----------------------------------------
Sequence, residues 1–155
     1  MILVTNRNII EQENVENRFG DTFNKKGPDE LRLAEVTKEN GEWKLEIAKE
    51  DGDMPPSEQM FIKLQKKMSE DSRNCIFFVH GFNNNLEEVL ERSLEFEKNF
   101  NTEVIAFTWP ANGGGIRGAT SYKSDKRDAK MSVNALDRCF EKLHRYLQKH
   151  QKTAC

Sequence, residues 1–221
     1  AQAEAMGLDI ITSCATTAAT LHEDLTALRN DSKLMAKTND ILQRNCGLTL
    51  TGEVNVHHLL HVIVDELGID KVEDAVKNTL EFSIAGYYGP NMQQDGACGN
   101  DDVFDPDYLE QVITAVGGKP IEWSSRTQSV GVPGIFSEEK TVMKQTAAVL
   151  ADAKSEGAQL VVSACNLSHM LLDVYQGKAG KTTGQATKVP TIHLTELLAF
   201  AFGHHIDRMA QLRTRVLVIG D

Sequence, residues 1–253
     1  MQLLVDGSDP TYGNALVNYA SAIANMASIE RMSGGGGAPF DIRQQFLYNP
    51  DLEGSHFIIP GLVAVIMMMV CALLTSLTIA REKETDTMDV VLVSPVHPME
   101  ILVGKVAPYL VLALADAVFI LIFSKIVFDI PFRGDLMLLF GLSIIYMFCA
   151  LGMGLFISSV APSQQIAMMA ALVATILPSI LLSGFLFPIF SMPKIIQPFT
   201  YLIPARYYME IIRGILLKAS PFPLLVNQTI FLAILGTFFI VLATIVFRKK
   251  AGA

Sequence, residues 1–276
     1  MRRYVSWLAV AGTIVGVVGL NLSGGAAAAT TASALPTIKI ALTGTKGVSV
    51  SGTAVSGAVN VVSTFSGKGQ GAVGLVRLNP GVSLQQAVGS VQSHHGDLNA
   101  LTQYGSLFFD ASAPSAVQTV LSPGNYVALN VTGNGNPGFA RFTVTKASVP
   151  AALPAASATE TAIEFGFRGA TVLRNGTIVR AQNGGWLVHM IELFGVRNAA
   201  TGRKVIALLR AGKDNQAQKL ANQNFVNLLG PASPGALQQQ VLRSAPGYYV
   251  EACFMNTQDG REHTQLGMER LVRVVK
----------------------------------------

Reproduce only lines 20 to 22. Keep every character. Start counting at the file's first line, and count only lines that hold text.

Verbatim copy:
     1  MRRYVSWLAV AGTIVGVVGL NLSGGAAAAT TASALPTIKI ALTGTKGVSV
    51  SGTAVSGAVN VVSTFSGKGQ GAVGLVRLNP GVSLQQAVGS VQSHHGDLNA
   101  LTQYGSLFFD ASAPSAVQTV LSPGNYVALN VTGNGNPGFA RFTVTKASVP